Selma should respect and up keep historical buildings
I’ve been on a passionate journey of preserving African-American structures, cemeteries, etc., for more than 12 years. The shame of the mayor and city council and the community to allow the utilities to be turned off, making the Good Samaritan Hospital another neglected, abandoned structure here in Selma.
I’ve lived here for 2 years, have seen the African-American community being destroyed around our historical churches. Many of these structures are historical, meaning they are more than 40 years old. We have many African-American structures older than 40 years old. Many churches are older than 100 years old. We as a people must honor these structures, We must remember they were built by the sweat of our ancestors. Each time this writer sees an old building she feels the presence of a slave who built some of the buildings here in Selma (as we do when we see our White House in Washington D.C.) If you can feel that way about the White House, why not about the Good Samaritan?
Must we as a community who believe in justice for all allow these structures to be neglected until there is no history left to remind us of the struggle which happened here in Selma? The bridge to the White House doesn’t look like that — with all the abandoned, neglected buildings. My great grandchildren will not come to Selma and see anything that they will be able to recall the struggle.
The Good Samaritan was a hospital in 1940 and built on its site in 1944. The building is 65 years old. It’s had some changes in those 65 years. It’s the history behind this grand, old building that holds the key to the right to vote.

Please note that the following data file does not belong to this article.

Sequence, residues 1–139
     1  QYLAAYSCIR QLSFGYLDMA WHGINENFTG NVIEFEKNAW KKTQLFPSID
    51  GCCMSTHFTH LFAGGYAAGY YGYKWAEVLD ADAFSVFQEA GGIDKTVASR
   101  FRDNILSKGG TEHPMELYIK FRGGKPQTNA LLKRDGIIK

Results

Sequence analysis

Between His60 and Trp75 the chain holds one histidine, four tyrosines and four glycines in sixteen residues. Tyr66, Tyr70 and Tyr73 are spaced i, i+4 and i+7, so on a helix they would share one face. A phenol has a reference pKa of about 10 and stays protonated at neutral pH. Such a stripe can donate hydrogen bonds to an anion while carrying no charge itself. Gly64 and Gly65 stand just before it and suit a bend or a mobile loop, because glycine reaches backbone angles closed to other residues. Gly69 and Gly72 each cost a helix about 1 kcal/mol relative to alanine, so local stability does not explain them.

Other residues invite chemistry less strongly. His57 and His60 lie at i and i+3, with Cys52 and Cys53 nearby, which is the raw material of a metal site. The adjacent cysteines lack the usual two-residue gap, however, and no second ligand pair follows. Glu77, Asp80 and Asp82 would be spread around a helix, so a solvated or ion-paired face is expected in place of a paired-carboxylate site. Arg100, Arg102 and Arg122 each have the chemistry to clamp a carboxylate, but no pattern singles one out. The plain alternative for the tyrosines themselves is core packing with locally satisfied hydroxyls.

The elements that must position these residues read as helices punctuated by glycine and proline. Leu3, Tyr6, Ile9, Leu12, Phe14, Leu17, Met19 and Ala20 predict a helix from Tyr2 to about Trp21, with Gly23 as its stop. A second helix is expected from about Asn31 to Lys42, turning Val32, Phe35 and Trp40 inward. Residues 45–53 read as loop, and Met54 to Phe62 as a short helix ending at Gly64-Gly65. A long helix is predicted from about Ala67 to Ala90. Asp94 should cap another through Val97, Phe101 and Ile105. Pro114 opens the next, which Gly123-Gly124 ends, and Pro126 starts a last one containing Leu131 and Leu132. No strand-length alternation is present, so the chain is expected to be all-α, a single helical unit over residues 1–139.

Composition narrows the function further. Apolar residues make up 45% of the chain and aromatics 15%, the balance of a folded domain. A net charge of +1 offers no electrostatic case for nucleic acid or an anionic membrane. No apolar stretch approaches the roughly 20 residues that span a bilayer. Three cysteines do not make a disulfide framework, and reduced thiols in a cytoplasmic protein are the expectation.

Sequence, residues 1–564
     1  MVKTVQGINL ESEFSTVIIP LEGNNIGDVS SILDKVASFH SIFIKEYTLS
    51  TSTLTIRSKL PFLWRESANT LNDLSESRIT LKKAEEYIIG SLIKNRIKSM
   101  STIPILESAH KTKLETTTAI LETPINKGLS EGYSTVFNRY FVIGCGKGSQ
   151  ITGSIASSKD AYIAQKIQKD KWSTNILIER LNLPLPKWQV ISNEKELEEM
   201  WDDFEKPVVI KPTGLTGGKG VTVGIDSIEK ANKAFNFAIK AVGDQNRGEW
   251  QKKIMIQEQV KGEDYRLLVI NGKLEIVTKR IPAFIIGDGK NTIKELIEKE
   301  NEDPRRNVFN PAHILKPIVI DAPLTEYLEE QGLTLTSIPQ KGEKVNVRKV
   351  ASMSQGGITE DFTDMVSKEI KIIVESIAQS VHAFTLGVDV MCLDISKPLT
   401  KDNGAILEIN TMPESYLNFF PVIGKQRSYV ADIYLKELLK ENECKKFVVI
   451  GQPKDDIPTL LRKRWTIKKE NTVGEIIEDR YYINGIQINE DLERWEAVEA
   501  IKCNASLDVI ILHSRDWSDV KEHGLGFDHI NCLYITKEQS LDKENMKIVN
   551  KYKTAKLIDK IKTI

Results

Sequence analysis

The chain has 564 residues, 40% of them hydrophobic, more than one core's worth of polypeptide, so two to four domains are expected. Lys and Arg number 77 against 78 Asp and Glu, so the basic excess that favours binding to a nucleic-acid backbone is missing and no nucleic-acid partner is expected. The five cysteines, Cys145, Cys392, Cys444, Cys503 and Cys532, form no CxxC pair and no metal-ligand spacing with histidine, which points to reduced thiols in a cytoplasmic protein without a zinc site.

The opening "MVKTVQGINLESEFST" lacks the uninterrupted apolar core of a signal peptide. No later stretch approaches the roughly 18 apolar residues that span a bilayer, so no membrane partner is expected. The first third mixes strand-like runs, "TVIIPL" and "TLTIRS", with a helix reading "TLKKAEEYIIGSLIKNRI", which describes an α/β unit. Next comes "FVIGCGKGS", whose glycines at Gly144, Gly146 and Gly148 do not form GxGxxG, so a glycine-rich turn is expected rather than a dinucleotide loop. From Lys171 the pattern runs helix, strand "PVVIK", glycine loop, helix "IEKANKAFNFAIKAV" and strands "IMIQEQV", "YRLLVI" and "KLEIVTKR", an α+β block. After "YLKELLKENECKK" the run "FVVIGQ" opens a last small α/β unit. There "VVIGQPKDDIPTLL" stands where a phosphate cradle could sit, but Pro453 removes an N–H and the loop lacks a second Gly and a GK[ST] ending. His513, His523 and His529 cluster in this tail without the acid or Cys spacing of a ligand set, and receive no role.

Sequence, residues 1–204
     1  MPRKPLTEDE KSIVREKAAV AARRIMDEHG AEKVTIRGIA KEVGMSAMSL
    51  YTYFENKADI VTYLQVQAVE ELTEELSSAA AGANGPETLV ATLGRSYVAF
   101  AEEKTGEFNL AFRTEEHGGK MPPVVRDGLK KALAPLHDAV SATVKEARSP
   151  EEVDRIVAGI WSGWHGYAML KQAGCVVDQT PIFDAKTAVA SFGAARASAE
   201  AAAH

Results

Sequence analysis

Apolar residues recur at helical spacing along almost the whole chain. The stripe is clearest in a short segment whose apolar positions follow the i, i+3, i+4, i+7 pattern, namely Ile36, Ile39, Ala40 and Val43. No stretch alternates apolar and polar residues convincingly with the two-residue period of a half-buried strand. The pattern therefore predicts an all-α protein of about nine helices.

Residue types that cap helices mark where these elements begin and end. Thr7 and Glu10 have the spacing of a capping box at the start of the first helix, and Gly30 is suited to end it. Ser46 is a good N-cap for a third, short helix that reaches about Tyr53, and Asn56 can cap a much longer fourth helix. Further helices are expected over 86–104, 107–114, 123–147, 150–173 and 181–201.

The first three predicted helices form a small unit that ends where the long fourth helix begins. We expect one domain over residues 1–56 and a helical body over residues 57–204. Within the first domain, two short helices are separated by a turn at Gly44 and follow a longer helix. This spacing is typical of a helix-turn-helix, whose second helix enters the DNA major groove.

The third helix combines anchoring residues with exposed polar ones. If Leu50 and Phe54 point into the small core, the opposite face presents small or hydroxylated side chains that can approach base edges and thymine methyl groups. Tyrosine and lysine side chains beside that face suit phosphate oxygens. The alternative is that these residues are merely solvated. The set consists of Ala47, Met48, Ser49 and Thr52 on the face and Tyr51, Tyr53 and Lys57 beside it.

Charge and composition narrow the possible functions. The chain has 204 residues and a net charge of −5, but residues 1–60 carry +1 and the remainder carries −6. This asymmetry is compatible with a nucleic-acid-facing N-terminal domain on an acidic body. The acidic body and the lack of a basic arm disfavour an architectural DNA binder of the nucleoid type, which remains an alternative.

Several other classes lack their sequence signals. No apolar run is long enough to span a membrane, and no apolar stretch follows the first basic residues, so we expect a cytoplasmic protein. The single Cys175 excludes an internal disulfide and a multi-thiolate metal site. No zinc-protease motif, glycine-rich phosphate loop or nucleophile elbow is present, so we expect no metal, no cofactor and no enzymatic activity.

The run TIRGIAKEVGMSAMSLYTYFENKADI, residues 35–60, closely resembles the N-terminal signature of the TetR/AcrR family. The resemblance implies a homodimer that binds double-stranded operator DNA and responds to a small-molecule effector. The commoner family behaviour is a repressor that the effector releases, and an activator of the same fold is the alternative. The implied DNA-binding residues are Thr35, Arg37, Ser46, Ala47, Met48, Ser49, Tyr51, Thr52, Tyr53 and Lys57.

The blood of our forefathers and foremothers’ blood was in that hospital. Their tears are still there. We forget that this was the only hospital that would accept African-American (“blacks”) in Selma and surrounding counties. Have we forgotten what the priest and nun went through to protect the African-American from Jim Clark and the KKK, who didn’t want them to help our freedom fighter?
I don’t write often to the editor unless I’m passionate about issues. This is one of those times. I was researching for this letter and found a little about the priest who was here during the struggle. One was Father James Robinson, who joined the struggle and was one of the original people on the bridge, even after being told by the bishop not to be involved. He wrote a letter to Sheriff Jim Clark regarding the brutal attacks.
Father John Crowley took out a full-page ad Feb. 7, 1965, “The path to peace in Selma.”
It should be printed again. We truly need peace in Selma. There must be a cure for all the angry, the unforgiving. If we allow this hospital to be neglected and not restored as an honor to those who helped bring the right to vote and the bridge to the White House, shame. Shame on you as a community and a city council. You need to work together and bring about the change we need here in Selma.
Millie Lee Dulaney